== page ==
Quoth the Postman, Forevermore

The USPS is preparing for another first class price jack to 45 cents. It would be their 14th in 32 years, and is meant a) to compensate for lost revenue to web-based communication and private mail services, and b) to pay for the soaring gas costs. To buffer public response, the USPS proposed issuing a Forever Stamp---good for first class postage at the current rate ad infinitum.

There are many reasons this news bit is interesting, despite its seeming triviality. First, it's a bit funny to imagine the USPS lasting forever---although bureaucracies do tend to inertia, the USPS is probably the self-destructing type in good time. (Picture Americans lining up in droves like Russian commrades to hoard forever stamps and await the coming days of inching first class costs.)

Second, the randomness is just a little funny; CNN.com headline: "New stamp could be used forever" (alternate subtitle: 'what about the chidlren?', 'the answers may surprise you...', 'Elvis alive!') --it's just the right combination of mundane and bizarre to come straight out from the national inquirer.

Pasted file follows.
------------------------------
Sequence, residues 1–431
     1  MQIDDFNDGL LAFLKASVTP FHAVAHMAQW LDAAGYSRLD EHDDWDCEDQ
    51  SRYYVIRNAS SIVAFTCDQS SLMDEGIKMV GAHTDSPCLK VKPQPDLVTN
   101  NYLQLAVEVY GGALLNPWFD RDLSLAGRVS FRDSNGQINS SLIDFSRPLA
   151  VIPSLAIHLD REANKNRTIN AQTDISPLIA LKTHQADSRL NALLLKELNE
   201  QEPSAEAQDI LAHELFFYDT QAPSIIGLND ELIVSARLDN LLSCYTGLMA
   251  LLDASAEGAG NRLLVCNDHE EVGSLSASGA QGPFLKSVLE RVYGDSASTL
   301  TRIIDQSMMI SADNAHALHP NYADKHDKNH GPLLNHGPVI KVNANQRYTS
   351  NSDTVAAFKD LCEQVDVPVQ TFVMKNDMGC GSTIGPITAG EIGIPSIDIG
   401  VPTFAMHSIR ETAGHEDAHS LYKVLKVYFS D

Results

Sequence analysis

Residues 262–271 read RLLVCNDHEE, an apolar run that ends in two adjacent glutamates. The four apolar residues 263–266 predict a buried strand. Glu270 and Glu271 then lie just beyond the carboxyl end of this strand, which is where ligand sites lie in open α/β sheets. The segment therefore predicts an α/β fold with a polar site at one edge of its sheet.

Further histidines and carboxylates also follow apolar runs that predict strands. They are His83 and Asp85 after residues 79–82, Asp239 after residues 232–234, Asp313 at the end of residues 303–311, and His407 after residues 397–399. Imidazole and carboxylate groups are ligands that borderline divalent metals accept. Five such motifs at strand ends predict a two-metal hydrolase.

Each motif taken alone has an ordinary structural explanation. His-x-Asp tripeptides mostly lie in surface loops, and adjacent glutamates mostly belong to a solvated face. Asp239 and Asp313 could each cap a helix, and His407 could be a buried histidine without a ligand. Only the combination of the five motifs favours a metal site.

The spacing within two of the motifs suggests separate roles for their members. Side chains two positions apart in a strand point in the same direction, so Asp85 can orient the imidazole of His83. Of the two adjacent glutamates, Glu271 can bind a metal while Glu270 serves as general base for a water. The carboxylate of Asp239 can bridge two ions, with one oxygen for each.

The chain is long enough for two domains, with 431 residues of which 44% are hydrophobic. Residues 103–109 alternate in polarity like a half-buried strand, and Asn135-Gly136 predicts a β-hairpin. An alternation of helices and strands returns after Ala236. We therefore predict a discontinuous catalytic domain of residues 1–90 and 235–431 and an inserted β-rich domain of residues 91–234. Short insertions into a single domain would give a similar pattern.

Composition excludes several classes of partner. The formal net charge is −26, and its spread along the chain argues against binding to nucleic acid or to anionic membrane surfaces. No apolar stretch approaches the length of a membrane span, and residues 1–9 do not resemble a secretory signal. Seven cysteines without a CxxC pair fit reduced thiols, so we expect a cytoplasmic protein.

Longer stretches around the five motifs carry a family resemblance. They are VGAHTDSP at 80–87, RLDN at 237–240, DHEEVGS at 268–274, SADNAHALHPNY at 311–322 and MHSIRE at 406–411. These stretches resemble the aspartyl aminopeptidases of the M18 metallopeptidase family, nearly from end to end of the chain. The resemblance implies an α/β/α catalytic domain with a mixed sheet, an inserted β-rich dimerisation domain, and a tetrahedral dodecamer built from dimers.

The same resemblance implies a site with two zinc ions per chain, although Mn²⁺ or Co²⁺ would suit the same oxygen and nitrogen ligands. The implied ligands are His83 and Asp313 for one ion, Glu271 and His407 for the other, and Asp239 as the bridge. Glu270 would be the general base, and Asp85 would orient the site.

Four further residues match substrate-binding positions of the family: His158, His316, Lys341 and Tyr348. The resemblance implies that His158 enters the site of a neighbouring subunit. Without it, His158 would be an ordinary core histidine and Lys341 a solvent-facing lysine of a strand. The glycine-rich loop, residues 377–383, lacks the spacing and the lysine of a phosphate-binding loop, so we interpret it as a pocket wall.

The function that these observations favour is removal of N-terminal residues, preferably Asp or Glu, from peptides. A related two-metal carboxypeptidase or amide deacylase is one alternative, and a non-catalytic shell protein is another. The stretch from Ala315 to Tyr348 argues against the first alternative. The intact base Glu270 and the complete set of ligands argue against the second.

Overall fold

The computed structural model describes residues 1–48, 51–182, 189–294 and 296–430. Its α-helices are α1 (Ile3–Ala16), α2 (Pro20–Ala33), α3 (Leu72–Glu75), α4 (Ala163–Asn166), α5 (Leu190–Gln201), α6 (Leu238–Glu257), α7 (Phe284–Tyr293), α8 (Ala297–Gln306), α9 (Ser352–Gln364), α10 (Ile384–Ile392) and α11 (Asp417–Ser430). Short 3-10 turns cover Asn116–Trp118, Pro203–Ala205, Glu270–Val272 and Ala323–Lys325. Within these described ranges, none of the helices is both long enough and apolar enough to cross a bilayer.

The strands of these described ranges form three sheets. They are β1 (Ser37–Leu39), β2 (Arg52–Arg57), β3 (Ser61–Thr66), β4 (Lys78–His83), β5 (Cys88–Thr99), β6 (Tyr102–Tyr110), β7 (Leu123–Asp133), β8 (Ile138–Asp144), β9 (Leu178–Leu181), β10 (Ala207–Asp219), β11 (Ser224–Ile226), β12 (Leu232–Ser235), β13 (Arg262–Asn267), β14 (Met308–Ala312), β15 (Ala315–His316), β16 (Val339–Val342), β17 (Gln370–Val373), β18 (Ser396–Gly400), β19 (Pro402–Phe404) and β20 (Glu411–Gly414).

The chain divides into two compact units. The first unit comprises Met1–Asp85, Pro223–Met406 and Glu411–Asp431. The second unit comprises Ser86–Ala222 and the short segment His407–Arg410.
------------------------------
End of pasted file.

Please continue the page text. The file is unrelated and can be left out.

Third, this is an institutional innovation that may prove useful. If successfully passed, the forever stamp will incite a counterfeit market shortly. After 2009, the USPS plans to raise postal rates every year. If not passed, it may at least successfully quell opposition to the standard rate increase---long enough to pass it.

Some other comments on repairing the USPS system: unfold the tight labor-wage laws that are bracketing costs while consumption of the service declines. From the Baltimore Sun:

"Postmaster General John E. Potter implied as much when he noted that despite a reduction in employees, "our annual health benefits costs have grown some $2 billion - or 36 percent - since 2002." Today, about 80 percent of Postal Service costs go toward labor, compared with about 50 percent at private delivery companies."
When the USPS introduced the stamp price increase for January, Ruth Y. Goldway, the Postal Rate commissioner, wrote a NYT op-ed saying that the forever stamp "would do a great deal to help consumers adjust to rate increases, as well as assisting the Postal Service in managing its budget and investing in improvements. In recent years the service has been working to shed its image as a stodgy, unresponsive government monopoly. I urge it to consider the forever stamp and adopt it as a pro-consumer, money-saving reform."